Spring is coming early in 3/4 of national parks, according to a new study. Awesome? Not so much. As flowers bloom earlier every year, it’s disrupting the link between the wildflowers and the arrival of birds, bees, and butterflies that feed on and pollinate the flowers. In Shenandoah, an earlier spring is giving invasive plants a head start, and they’re displacing native wildflowers, leading to costly management issues.
Before the 1960s almost everything about living openly as a lesbian, gay, bisexual, or transgender (LGBT) person was illegal. New York City laws against homosexual activities were particularly harsh. The Stonewall Uprising on June 28, 1969 is a milestone in the quest for LGBT civil rights and provided momentum for a movement.
Vine Creek Ranch at Death Valley National Park. Steady drought and record summer heat make Death Valley a land of extremes. Towering peaks are frosted with winter snow. Rare rainstorms bring vast fields of wildflowers. Lush oases harbor tiny fish and refuge for wildlife and humans. Despite its morbid name, a great diversity of life survives in Death Valley.
Located 2,600 miles southwest of Hawaii, the National Park of American Samoa is the most remote unit of the National Park System and the U.S. National Park south of the Equator. The Park spreads across three islands, 9,500 acres of tropical rainforest, and 4,000 acres of ocean, including coral reefs. While remote, the islands of American Samoa, true to the meaning of the word Samoa (Islands of Sacred Earth), are welcoming and offer beautiful landscapes and centuries of culture and history.
Question: Two months ago, I left employment with a firm competing for a contract with my Agency. I have completely severed my ties with the company. I transferred my 401k to my own broker. My duties include recommending the winner of the contract. Will I have a problem if I recommend the winner of the contract?
Answer: An employee has a "covered relationship" with an employer he/she has left within the last year. Even though you have completely severed your relationship with the company, you may not recommend the contract winner. A reasonable person with knowledge of these facts could question your impartiality. Your Agency head or other ethics official with appropriate delegated ethics authority may, however, authorize you to participate in the matter if deemed necessary. The criteria for the authorization is set forth in this section of the Standards. See 5 C.F.R. § 2635.502
B. Impartiality in Performance Official Duties
Question: Are there other rules besides the Conflicts of Financial Interest Statute?
Answer: Yes. In addition to the criminal statute, there is a regulatory rule, referred to as "Impartiality in Performing Official Duties," that covers certain other types of conflicts of interest.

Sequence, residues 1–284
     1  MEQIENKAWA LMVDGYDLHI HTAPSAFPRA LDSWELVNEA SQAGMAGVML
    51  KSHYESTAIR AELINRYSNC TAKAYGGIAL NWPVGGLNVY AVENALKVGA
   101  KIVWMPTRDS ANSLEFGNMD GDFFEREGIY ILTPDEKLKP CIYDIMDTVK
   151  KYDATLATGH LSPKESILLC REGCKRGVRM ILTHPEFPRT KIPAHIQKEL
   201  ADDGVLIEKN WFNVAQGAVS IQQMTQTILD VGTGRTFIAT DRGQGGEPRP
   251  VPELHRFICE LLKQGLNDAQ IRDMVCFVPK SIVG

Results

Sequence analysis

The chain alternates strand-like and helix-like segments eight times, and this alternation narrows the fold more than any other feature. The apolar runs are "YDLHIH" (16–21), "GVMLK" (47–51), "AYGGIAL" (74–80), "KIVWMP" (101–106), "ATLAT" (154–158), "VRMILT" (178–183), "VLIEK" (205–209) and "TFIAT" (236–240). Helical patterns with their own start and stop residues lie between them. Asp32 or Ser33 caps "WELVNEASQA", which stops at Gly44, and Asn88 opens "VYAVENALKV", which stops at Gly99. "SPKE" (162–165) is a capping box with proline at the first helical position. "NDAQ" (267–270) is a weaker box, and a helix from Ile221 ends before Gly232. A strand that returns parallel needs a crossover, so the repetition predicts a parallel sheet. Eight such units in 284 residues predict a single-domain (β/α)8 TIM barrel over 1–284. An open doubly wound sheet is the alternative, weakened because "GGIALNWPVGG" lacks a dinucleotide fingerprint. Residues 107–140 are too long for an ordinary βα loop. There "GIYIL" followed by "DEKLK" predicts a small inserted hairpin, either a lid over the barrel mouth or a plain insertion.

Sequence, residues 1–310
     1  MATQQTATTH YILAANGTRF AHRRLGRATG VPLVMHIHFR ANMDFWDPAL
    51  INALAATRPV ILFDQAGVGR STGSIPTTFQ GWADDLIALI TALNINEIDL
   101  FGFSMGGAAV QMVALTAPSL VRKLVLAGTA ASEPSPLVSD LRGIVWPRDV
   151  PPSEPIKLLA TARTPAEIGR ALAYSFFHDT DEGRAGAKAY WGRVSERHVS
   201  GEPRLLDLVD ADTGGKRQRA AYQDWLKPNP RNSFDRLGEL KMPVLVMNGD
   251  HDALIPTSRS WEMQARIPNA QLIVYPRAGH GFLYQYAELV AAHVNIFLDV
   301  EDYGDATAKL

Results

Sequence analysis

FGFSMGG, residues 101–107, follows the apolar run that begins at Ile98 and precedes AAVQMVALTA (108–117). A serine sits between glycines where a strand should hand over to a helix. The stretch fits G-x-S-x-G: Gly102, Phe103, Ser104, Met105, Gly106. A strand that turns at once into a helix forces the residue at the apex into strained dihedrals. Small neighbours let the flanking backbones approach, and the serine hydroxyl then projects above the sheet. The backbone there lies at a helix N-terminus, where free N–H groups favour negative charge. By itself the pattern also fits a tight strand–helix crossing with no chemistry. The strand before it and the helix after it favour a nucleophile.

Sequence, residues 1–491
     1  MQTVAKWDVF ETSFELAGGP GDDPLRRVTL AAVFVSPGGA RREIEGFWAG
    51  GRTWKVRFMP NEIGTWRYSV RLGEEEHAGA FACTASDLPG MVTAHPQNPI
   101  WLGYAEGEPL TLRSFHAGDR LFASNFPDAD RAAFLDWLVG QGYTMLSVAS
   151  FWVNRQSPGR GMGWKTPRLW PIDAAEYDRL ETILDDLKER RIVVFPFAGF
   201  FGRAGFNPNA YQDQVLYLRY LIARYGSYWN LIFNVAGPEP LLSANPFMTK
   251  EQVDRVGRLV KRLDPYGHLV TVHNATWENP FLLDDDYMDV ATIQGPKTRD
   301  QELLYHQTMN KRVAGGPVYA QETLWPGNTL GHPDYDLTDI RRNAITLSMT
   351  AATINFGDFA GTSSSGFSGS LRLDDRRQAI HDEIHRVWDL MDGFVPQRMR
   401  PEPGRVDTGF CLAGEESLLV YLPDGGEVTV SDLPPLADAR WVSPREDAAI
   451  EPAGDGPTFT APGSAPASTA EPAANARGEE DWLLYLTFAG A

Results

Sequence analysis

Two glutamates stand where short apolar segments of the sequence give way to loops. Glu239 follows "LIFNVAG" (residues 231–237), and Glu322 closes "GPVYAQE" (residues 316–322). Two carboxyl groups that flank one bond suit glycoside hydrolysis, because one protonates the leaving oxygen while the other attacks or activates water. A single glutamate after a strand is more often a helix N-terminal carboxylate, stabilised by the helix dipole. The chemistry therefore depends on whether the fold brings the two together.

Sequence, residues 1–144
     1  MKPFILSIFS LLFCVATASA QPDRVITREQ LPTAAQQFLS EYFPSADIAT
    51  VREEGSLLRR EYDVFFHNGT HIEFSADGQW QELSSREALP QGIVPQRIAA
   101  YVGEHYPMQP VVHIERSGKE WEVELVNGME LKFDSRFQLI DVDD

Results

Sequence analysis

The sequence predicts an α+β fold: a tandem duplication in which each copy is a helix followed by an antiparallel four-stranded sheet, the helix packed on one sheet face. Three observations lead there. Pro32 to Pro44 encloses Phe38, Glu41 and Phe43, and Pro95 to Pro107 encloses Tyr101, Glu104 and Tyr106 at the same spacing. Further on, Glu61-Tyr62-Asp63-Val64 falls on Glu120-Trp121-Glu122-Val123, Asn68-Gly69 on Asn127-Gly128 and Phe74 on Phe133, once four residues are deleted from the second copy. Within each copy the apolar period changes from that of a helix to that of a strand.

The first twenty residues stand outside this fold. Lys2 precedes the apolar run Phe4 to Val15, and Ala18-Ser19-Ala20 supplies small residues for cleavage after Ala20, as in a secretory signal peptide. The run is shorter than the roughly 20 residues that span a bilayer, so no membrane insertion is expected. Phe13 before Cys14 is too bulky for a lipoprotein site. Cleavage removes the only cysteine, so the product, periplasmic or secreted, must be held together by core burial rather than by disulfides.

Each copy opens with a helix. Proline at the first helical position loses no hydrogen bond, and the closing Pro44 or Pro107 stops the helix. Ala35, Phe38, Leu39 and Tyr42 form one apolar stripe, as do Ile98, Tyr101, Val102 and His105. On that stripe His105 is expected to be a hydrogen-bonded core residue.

Question: What's the difference between the criminal rule and the regulatory rule?
Answer: Aside from the obvious difference in penalties (a violation of the regulatory rule is not a crime), the impartiality rule has two significant differences from the criminal conflict of interest statute: first, it applies to fewer types of matters, and second, it holds you responsible for the financial interests of a greater number of people. It doesn't apply to all matters, just "a particular matter involving specific parties," such as a contract, grant, or agreement--in other words, a transaction of some kind. A program is not a particular matter involving specific parties (although the contracts that support the program are).
On the other hand, most of DOI's business is done through contracts, grants, agreements, or permit/lease, so the rule will often be in consideration. If it does apply, you can have a conflict arising from the financial interests of a member of your household (not just your spouse or a minor child). Not only that, but if a person with whom you have a "covered relationship" is or represents a party to such a matter, then the rule applies.
Question: So what's a "covered relationship"?
Answer: You have a "covered relationship" with:
a person with whom you have or seek a business, contractual or other financial relationship
a member of your household or with whom you have a close personal relationship
a person for whom your spouse, parent or dependent child serves as an officer, director, trustee, general partner, agent, attorney, consultant, contractor or employee
any person for whom you have, within the last year served as officer, director, trustee, general partner, agent, attorney, consultant, contractor or employee, or
any organization in which you are an active participant.
Question: Are there any exceptions to the rule?
Answer: DOI may waive the impartiality rule, but you must seek approval from your supervisor and Ethics Advisor.